In 1971, 1,601 applicants sought admission as first-year students at the University of Washington School of Law. Only 150 places were available for the incoming first-year class. Because of the attrition factor, some 330 were ultimately invited, of which 36 were minority group applicants with 18 of that group subsequently enrolling. Plaintiff as one of the 1,601 applicants was among the some 1,271 applicants denied admission. On his own behalf, and not as representative of any other person or class of persons, he instituted this suit in the Superior Court for King County challenging the university's minority admissions policy. He contended that, pursuant to the designated admissions policy, minority applicants with lesser qualifications than he were accorded admission preference thereby erecting a violation of the equal protection clauses of our state and federal constitutions. A 3-day trial in Superior Court ensued at the conclusion of which the trial judge on September 22 1971, ruled in plaintiff's favor and directed that plaintiff be admitted to the law school.

The defendants promptly complied with the Superior Court order, and plaintiff commenced his studies as a law student. Subsequently, the defendants filed a notice of appeal to this court.

On March 8, 1973, we issued our opinion reversing the trial court and holding that 'the minority admissions police of the law school, and the denial by the law school of admission to plaintiff, violate neither the equal protection clause of the fourteenth amendment to the United States Constitution nor Article 1, § 12 of the Washington State Constitution.' DeFunis v. Odegaard, 82 Wash.2d at 37, 507 P.2d at 1184. On May 16, 1973, we denied plaintiff's petition for rehearing and on May 24, 1973, plaintiff applied for a stay pending review of our decision by the Supreme Court of the United States. mr. Justice Douglas of the Supreme Court granted the stay and plaintiff continued with his legal education. On February 26, 1974, the matter was argued before the Supreme Court and submitted.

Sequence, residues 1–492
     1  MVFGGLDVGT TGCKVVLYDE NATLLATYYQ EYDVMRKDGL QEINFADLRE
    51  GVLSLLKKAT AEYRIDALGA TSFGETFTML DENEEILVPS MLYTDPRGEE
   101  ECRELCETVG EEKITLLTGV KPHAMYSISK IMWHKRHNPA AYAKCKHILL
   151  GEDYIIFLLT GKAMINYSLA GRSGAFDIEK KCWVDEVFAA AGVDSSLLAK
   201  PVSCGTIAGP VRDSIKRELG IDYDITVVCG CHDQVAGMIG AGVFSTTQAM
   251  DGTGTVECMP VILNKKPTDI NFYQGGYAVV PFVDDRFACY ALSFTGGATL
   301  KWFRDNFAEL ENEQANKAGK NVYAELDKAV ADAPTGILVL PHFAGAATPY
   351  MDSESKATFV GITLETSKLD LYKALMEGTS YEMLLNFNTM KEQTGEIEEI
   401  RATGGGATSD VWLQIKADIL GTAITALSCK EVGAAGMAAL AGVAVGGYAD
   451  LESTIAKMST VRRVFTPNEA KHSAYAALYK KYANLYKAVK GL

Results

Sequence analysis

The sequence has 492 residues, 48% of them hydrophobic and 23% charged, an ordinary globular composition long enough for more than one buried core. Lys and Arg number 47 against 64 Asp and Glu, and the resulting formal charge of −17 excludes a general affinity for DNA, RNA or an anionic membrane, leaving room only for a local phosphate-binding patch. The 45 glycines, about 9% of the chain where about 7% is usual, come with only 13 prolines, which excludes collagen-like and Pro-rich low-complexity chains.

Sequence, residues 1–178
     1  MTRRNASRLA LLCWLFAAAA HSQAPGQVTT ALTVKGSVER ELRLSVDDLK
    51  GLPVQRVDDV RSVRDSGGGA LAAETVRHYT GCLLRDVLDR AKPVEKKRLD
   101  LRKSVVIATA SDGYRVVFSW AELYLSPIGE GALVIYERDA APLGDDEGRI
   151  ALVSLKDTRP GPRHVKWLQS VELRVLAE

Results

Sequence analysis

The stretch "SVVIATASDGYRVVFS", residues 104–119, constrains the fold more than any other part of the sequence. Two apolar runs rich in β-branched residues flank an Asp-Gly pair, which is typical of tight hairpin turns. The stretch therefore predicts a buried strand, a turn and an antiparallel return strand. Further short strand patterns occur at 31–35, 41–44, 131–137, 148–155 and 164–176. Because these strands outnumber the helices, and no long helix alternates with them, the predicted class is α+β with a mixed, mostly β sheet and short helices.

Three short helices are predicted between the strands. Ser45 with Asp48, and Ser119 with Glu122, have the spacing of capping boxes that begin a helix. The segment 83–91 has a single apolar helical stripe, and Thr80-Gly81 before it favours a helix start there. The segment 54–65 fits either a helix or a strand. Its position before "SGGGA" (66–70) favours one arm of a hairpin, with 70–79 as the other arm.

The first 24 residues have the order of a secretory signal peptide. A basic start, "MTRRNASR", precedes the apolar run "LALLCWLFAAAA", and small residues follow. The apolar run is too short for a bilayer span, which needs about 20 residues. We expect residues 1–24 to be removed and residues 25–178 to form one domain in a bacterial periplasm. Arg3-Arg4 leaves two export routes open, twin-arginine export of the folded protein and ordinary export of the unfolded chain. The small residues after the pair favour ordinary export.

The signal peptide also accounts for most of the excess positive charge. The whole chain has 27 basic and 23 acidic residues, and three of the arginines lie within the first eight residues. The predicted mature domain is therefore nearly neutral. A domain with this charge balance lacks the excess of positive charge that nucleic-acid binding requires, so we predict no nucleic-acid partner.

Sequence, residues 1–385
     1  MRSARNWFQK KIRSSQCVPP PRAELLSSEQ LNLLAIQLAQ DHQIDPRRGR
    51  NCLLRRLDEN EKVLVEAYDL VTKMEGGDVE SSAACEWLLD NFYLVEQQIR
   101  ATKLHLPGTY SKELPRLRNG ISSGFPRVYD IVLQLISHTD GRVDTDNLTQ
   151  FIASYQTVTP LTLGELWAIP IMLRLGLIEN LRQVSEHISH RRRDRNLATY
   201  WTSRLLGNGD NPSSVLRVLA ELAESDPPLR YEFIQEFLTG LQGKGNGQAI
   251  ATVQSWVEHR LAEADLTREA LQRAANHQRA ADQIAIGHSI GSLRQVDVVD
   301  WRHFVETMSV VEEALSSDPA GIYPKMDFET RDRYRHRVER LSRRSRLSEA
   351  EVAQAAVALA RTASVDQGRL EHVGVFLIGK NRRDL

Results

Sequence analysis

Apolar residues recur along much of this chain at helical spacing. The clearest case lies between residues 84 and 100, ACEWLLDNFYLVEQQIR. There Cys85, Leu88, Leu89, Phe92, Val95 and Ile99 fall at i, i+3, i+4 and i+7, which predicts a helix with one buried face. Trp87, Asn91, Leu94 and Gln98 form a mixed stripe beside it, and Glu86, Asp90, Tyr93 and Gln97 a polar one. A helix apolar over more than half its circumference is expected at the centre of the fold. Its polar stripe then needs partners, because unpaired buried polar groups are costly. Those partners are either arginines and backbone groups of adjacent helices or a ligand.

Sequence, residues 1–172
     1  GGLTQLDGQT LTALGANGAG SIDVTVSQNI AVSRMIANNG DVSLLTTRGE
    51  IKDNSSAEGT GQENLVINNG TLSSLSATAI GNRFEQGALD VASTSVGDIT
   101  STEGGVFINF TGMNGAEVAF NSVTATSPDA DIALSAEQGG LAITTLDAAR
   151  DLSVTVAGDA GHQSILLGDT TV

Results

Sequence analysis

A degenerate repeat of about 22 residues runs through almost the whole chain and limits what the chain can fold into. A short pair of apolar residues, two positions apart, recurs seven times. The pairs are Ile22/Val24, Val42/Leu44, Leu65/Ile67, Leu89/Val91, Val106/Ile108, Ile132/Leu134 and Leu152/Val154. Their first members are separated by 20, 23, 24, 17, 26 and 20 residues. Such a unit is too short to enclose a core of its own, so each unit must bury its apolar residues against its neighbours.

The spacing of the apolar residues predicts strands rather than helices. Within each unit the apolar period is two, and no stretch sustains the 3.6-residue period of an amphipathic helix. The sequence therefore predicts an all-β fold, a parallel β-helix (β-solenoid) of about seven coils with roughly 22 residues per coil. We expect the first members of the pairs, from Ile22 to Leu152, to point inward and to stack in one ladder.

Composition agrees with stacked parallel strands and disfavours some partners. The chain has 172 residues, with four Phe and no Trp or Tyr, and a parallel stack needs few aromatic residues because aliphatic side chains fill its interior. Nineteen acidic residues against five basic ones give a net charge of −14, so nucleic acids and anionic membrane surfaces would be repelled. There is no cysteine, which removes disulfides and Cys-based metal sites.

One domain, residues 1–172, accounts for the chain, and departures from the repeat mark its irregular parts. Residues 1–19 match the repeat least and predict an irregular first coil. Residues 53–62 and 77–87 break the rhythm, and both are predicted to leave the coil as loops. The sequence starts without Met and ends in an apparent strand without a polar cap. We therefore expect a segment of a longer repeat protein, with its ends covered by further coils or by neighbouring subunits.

During the course of oral argument before the Supreme Court, counsel for both parties, in response to questions from the bench, advised the Court that plaintiff had registered, or was in the process of registering, for his final quarter in law school. Counsel for defendants also assured the Court that regardless of the outcome in this proceeding his registration would not be abrogated or his graduation and receipt of his degree in anywise affected assuming he successfully completed the last quarter. Also, in response to a question from the bench, counsel for plaintiff advised the Court that this was not a class action. With these assurances before it, the Supreme Court reached its conclusion of mootness upon the basis that '(t)he controversy between the parties has thus clearly ceased to be 'definite and concrete' and no longer 'touch(es) the legal relations of parties having adverse legal interests.'"' 416 U.S. 312, 317, 94 S.Ct. 1704, 1706, 40 L.Ed.2d 164, 169, (1974), citing Aetna Life Ins. Co. v Haworth, 300 U.S. 227, 240--241, 57 S.Ct. 461, 81 L.Ed. 617, 1008 A.L.R. 1000 (1937). Having so concluded, the Supreme Court disclaimed authority to reach the merits, vacated our judgment, and remanded the cause to us for such further proceedings as we deemed appropriate.